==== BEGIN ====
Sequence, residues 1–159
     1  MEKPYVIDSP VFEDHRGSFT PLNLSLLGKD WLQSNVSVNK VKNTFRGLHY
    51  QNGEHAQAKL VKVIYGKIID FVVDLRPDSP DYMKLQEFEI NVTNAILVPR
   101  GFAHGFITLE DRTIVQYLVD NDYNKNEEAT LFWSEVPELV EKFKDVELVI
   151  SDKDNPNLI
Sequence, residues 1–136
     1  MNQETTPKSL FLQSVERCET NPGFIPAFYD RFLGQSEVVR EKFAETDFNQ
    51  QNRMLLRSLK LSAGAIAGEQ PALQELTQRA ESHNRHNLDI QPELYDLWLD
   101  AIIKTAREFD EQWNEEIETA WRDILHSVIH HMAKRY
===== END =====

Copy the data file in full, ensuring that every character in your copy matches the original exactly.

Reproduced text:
Sequence, residues 1–159
     1  MEKPYVIDSP VFEDHRGSFT PLNLSLLGKD WLQSNVSVNK VKNTFRGLHY
    51  QNGEHAQAKL VKVIYGKIID FVVDLRPDSP DYMKLQEFEI NVTNAILVPR
   101  GFAHGFITLE DRTIVQYLVD NDYNKNEEAT LFWSEVPELV EKFKDVELVI
   151  SDKDNPNLI
Sequence, residues 1–136
     1  MNQETTPKSL FLQSVERCET NPGFIPAFYD RFLGQSEVVR EKFAETDFNQ
    51  QNRMLLRSLK LSAGAIAGEQ PALQELTQRA ESHNRHNLDI QPELYDLWLD
   101  AIIKTAREFD EQWNEEIETA WRDILHSVIH HMAKRY